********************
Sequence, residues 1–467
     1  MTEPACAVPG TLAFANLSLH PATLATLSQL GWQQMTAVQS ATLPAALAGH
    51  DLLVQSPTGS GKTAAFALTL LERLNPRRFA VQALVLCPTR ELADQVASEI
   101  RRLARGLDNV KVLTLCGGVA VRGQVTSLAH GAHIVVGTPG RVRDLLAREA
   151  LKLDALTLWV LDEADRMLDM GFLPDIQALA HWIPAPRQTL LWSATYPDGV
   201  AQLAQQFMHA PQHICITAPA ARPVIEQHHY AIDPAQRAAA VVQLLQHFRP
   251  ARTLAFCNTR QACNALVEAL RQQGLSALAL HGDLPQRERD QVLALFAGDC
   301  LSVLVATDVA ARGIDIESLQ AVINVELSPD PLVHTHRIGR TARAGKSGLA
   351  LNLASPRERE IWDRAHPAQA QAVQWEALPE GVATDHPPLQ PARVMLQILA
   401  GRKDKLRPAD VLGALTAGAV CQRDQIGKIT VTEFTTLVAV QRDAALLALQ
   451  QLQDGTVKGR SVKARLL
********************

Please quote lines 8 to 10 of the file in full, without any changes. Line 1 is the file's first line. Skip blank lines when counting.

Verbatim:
   301  LSVLVATDVA ARGIDIESLQ AVINVELSPD PLVHTHRIGR TARAGKSGLA
   351  LNLASPRERE IWDRAHPAQA QAVQWEALPE GVATDHPPLQ PARVMLQILA
   401  GRKDKLRPAD VLGALTAGAV CQRDQIGKIT VTEFTTLVAV QRDAALLALQ